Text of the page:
received. for the most part demonstrators came together peacefully hoping to keep attention on their primary cause. >> i'm here for civil rights, rights for workers, immigrants. everybody. >> reporter: for cbs "this morning," john blackstone, san francisco. new questions surround the deadly shooting of a black teenager outside of dallas. jordan edwards of shot and killed by an officer at the balch springs police department. he loved football. we go to the police department with the police chief. >> reporter: good morning. two police officers were responding to a teenage house party with under age drinking when they heard gun shots. jordan edward was leaving that party with for you other teens when police tried to stop them. what happened next left a 15-year-old dead and a community
wondering what went wrong. >> i'm saying after reviewing the video that i don't believe -- >> reporter: the police chief addressed the public after reviewing body camera footage of the shooting that killed 15-year-old jordan edwards. a police officer shot the passenger side window of a car carrying edwards, his brother and three others as they left a party on saturday night. according to the dallas county medical examiner, edwards died from a rifle wound to the head. on monday, earlier reports were corrected that the car backed up aggressively towards police. >> according to the vehicle i viewed the vehicle was moving forward. >> reporter: the chief said the car was not moving backwards aggressively what needs to happen to that officer. >> that officer needs to be arrested. they have no reasonable explanation for the use of force. >> reporter: he says no one in the car was cited for drinking. >> any weapons in the car? >> they did search the car. noer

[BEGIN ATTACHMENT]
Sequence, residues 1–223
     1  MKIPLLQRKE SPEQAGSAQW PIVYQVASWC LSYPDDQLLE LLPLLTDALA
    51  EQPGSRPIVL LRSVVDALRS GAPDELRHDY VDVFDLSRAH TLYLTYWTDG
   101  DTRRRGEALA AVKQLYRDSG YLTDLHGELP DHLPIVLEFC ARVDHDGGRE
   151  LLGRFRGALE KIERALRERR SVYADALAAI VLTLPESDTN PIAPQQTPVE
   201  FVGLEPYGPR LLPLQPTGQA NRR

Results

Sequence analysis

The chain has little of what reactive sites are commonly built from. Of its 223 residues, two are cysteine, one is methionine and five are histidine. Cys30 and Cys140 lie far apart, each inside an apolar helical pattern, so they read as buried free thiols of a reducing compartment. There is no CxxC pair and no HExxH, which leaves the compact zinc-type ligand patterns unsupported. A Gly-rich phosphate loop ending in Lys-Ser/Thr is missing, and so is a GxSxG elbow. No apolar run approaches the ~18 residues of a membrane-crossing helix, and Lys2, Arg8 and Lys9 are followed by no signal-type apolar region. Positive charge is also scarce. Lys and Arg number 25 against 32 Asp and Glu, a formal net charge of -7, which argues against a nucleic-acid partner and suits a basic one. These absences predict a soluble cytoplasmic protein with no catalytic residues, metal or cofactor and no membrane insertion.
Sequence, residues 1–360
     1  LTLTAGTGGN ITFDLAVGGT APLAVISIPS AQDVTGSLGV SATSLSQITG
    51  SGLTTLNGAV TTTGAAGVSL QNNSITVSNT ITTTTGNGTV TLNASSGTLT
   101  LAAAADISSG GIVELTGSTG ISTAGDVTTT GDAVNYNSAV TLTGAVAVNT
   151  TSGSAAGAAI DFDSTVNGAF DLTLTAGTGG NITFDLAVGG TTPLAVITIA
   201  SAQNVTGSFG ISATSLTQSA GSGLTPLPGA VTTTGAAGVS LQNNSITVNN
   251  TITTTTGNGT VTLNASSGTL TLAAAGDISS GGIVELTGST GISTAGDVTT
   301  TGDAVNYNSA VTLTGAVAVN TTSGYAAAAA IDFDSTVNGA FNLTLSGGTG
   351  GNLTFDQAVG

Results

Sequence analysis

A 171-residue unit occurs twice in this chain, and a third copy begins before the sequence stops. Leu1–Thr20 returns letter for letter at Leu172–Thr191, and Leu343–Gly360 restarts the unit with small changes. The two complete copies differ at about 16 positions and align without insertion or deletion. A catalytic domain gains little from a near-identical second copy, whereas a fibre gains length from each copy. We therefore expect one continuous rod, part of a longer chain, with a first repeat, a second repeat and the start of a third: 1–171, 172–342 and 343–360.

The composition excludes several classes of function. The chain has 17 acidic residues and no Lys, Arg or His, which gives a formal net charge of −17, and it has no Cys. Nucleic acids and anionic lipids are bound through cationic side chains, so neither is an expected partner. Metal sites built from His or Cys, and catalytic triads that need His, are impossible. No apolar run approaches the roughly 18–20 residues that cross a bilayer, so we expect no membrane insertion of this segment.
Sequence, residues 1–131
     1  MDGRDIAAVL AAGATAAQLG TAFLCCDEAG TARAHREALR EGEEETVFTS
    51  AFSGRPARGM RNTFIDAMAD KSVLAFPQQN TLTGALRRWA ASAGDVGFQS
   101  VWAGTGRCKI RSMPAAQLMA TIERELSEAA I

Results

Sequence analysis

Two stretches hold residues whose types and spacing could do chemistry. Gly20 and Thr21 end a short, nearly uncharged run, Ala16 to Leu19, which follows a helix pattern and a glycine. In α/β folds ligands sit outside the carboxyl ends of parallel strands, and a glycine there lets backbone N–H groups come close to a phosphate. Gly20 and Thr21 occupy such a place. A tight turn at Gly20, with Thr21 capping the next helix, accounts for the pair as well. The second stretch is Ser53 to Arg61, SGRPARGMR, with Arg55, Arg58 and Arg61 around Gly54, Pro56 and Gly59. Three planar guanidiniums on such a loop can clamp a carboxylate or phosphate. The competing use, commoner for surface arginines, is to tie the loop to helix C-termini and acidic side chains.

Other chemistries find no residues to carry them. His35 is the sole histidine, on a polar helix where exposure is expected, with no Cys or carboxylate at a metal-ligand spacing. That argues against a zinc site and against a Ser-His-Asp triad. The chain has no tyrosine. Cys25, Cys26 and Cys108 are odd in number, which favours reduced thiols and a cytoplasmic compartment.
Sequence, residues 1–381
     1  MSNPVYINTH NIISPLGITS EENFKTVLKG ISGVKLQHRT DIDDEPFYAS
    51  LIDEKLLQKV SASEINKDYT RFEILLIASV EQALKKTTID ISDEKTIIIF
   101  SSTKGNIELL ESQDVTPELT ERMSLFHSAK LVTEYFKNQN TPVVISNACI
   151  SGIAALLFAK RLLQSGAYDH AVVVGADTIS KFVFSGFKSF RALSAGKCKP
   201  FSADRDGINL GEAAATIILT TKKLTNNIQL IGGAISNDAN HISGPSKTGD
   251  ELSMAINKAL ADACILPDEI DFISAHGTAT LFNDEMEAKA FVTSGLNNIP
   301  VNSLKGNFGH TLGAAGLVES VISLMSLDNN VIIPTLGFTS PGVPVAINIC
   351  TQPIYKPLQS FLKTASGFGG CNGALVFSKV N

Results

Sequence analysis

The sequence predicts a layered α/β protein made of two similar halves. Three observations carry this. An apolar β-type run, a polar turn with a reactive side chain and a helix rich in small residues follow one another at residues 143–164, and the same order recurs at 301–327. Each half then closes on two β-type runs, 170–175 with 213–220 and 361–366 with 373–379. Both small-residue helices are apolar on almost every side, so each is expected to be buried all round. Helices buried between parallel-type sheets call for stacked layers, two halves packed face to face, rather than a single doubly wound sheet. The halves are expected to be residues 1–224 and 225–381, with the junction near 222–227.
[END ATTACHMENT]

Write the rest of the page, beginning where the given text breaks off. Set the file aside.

weapons. no gun ownership. no run ins with law enforcement before. >> reporter: he says jordan was a freshman at mesquite high school a kid in love with life who just played his first year of football. jackson turner was his teammate. >> encouraging me all the time. just an encouraging person. he just would light the room up with his smile. goes straight across his face. >> reporter: the police say the officer who shot edwards has been with the department for six years and is now on leave. that body cam footage has not been released to the public. thank you very much. that investigation continues. an investigation is under way after one student was killed and several others were hurt during a stabbing rampage at the university of texas. police say that a junior stabbed for you other students with a hunting knife on the austin campus. 20 people witnessed this attack. the suspect surrendered to police. the